Paul Holmes 14 Jan 2014 // 2:41PM GMT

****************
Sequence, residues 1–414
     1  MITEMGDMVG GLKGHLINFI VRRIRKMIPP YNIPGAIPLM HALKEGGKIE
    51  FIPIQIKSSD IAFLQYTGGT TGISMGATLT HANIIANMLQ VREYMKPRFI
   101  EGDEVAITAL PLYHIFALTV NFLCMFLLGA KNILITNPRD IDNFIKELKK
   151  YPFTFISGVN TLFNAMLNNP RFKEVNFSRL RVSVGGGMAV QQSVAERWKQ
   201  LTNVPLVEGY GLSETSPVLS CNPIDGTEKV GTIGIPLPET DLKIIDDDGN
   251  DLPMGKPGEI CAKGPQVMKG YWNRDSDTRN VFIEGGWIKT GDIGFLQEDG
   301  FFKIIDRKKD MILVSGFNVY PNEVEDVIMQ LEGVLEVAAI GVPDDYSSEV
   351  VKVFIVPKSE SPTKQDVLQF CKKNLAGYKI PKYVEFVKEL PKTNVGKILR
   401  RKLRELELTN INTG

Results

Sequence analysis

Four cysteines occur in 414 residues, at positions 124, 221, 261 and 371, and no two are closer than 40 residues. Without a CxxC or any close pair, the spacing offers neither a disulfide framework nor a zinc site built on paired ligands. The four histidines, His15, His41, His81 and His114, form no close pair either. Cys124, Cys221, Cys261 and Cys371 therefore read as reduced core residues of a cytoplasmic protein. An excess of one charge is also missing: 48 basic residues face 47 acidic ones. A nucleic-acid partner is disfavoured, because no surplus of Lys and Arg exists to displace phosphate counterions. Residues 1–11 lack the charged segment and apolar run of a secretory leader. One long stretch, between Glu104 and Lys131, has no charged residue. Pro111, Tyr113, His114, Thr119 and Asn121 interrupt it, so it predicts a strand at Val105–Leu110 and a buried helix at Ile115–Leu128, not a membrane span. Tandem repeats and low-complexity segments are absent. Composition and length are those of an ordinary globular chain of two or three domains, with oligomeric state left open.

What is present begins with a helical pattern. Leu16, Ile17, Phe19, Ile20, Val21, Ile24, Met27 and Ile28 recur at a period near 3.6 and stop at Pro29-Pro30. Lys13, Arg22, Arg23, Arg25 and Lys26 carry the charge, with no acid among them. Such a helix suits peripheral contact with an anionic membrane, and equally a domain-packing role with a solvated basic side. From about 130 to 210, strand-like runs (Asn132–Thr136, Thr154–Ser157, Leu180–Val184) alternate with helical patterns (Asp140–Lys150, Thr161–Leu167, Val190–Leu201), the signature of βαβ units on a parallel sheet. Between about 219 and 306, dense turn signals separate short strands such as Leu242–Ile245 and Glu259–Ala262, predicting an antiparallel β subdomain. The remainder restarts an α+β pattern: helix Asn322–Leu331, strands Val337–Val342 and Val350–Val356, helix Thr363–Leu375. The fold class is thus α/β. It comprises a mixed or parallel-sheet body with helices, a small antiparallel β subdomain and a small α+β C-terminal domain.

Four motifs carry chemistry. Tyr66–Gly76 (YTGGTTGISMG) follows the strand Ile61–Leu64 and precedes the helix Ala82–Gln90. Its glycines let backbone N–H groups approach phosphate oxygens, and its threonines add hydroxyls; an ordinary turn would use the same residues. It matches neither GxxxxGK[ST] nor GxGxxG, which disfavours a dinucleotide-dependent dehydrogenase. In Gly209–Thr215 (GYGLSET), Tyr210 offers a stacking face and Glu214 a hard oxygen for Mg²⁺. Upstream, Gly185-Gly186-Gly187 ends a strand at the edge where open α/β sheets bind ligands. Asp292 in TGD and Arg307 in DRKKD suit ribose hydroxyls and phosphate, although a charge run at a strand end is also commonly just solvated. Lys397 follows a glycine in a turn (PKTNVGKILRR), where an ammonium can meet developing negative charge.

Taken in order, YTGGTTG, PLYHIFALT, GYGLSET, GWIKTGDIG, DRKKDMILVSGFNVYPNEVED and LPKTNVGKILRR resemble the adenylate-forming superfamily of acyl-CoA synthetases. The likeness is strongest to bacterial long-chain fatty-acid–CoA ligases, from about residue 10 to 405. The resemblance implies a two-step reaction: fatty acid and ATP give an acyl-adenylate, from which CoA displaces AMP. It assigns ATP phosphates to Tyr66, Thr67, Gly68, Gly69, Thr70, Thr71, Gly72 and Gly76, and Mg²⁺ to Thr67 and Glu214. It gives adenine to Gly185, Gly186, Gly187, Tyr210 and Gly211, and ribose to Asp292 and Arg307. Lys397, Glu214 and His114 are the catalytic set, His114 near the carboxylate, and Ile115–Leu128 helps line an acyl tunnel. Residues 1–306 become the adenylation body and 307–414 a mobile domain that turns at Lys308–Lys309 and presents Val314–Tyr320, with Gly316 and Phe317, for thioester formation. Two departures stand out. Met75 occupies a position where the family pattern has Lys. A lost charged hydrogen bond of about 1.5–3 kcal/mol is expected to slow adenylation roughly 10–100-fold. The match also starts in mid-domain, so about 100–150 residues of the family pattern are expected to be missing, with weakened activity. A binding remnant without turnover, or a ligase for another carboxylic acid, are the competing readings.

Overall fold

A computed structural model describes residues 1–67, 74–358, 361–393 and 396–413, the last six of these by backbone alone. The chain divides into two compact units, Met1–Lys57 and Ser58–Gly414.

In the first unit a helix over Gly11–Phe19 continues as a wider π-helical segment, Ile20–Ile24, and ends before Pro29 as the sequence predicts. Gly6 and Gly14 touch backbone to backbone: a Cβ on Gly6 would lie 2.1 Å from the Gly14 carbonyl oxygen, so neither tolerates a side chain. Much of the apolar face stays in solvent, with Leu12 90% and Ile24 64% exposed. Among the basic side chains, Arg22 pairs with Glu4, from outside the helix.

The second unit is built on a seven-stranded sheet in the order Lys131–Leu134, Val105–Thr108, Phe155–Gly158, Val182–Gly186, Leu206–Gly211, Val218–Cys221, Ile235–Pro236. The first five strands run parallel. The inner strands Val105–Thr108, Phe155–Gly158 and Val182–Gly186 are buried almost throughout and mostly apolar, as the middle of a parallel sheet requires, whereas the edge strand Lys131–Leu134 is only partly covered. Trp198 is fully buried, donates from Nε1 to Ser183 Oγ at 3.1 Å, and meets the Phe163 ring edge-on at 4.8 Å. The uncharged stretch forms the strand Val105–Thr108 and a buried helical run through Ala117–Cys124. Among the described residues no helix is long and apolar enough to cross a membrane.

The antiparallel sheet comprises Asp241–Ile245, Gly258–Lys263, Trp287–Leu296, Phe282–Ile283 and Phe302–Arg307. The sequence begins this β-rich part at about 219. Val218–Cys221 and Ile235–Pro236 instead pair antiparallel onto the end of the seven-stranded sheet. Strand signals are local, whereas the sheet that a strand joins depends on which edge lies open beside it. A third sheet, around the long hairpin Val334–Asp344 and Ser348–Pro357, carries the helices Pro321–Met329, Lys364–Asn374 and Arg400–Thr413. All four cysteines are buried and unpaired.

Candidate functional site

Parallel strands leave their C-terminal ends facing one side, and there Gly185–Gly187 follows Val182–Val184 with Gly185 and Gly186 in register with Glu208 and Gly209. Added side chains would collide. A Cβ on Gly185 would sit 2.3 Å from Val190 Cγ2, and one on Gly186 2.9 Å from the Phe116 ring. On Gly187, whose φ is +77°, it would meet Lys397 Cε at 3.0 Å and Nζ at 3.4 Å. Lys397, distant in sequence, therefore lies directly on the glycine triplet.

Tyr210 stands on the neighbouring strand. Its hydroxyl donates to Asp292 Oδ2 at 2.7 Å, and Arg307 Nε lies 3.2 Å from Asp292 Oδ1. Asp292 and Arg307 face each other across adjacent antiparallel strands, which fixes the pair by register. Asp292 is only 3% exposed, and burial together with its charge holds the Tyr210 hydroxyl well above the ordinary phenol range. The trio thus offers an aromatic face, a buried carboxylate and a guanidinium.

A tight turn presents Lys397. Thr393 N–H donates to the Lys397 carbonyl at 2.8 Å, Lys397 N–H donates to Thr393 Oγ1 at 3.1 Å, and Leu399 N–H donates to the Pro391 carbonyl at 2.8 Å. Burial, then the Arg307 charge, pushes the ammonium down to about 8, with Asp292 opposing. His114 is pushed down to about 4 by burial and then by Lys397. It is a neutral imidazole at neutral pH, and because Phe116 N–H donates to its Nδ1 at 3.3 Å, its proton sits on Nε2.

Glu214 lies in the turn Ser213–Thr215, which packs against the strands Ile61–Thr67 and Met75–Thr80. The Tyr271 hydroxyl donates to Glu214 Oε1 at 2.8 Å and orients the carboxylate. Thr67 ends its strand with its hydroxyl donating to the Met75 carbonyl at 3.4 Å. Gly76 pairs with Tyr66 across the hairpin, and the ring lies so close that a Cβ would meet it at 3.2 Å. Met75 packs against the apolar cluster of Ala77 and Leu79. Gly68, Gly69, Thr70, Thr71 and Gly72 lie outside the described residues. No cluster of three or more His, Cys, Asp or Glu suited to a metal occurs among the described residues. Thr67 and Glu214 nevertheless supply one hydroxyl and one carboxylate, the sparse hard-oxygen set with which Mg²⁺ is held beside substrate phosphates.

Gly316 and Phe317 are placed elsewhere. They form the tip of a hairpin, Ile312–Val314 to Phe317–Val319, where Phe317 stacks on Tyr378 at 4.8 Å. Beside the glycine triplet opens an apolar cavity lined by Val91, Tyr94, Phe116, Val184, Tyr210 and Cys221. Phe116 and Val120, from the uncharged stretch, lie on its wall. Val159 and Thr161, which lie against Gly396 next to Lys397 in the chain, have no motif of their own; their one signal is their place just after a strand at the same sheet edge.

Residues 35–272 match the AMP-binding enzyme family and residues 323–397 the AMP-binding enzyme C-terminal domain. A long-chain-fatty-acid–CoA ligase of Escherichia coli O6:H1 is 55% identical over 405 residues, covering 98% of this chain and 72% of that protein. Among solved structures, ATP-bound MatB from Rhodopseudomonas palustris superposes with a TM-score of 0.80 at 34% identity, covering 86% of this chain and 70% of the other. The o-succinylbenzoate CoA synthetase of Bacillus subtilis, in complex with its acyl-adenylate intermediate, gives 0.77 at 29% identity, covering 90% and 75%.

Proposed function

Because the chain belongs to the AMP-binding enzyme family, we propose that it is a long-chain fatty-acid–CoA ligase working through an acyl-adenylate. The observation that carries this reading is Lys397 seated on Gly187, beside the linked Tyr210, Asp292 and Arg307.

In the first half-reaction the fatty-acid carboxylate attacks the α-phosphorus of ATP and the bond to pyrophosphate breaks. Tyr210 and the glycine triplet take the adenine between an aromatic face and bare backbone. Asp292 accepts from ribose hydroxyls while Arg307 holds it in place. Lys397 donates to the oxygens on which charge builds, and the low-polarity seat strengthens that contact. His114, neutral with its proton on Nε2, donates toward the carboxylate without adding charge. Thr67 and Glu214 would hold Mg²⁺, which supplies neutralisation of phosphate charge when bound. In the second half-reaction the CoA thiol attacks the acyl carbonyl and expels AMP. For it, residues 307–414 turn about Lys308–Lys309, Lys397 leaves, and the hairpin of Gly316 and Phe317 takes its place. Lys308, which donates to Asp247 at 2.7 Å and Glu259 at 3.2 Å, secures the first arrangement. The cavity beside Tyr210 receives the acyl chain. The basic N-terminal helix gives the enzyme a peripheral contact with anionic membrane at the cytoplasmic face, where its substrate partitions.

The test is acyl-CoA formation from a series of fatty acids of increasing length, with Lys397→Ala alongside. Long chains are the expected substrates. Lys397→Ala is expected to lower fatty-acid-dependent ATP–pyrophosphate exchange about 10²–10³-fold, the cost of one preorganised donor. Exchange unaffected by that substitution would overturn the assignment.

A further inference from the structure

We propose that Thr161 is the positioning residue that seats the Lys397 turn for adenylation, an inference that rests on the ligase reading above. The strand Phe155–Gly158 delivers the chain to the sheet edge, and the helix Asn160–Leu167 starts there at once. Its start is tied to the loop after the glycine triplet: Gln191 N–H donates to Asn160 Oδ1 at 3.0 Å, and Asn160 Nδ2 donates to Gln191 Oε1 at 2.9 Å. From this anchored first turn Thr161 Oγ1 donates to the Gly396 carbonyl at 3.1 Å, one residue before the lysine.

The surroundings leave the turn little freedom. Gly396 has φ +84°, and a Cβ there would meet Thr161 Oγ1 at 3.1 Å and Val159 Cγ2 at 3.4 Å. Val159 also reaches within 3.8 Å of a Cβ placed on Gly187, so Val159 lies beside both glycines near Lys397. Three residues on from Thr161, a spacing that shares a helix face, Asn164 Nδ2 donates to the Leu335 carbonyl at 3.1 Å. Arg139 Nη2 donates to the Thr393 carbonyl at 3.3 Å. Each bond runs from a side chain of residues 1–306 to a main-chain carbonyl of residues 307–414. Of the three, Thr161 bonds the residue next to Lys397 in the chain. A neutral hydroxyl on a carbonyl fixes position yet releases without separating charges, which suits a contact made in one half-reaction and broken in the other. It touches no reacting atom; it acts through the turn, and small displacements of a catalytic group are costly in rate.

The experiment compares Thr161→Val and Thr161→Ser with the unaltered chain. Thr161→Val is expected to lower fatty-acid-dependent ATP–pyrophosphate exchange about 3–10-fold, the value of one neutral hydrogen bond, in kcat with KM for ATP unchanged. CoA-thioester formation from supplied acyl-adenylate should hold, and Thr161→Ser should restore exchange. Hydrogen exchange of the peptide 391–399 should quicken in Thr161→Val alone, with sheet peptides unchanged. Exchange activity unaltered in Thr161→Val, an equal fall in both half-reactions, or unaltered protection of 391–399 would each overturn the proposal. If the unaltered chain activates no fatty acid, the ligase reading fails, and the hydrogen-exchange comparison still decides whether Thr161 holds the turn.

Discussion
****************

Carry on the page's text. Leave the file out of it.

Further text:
A couple of years ago, at the World Communications Forum in Davos, I shared a platform with Marshall Sponder, who insisted that PR firms would need to embrace big data in order to remain competitive. His argument was compelling, sufficiently so that I cribbed his big idea and made it number one on my own list of priorities when it comes to designing the PR agency of the future. The industry has been making slow but steady progress on this front—most of the major agencies are at least thinking about how big data can help them help their clients. The news his morning that Cohn & Wolfe has joined The Data Alliance, WPP’s in-house big data solution is another indication that data’s time has come. A conversation yesterday with Cohn & Wolfe CEO Donna Imperato and the president of the firm’s digital innovation group Chad Latz, suggests that the major obstacles to integrating big data into the creative process are overblow and easily surmountable. The first is the question of who will pay for it—because while to cost of insightful and actionable information has come down dramatically in recent years, it is not free. And there is little evidence that clients are willing to allow PR agencies to pass the costs along. But Imperato makes two excellent points. The first is that integrating big data into account planning, using its real-time insights to adjust programming in midstream (something PR can do more readily than advertising), and measuring the impact of PR on consumer behavior will all lead to better quality of work and a greater—and more demonstrable—impact on the client’s business. Marketers may not be prepared to pay more for data, but they should be willing to pay more for communications activity that has a measurably greater impact on the bottom line. The second point is that while there is some cost attached to investing in big data, there is potentially a far greater downside for failing to do so. PR agencies that fail to understand the value of big data will lose out to those who do, and if the PR industry collectively fails to embrace big data, it will lose market share to other disciplines. Another question is whether the “creative” people in PR will embrace data or see it as somehow restrictive or limiting, a discussion Latz describes as “the Mad Men versus math men debate.” On this topic, Cohn & Wolfe makes an interesting test case. The firm is best known for its work in consumer and has an enviable creative heritage. In its “manifesto,” the firm claims that “convention is our enemy” and promises to “imagine more.” But it also promises to “dig deeper,” and it is clear that it sees data and insights as part of the creative process—a stimulus to even more creative thinking. Latz says that members of the firm’s creative community have been among the most enthusiastic advocates for an increased commitment to more and better data. As an industry, we are still figuring out what big data can do for us. With moves like this one, we can figure it out faster. If we get it right, it will transform our work process and work product and change our position in the marketing mix and the management sphere.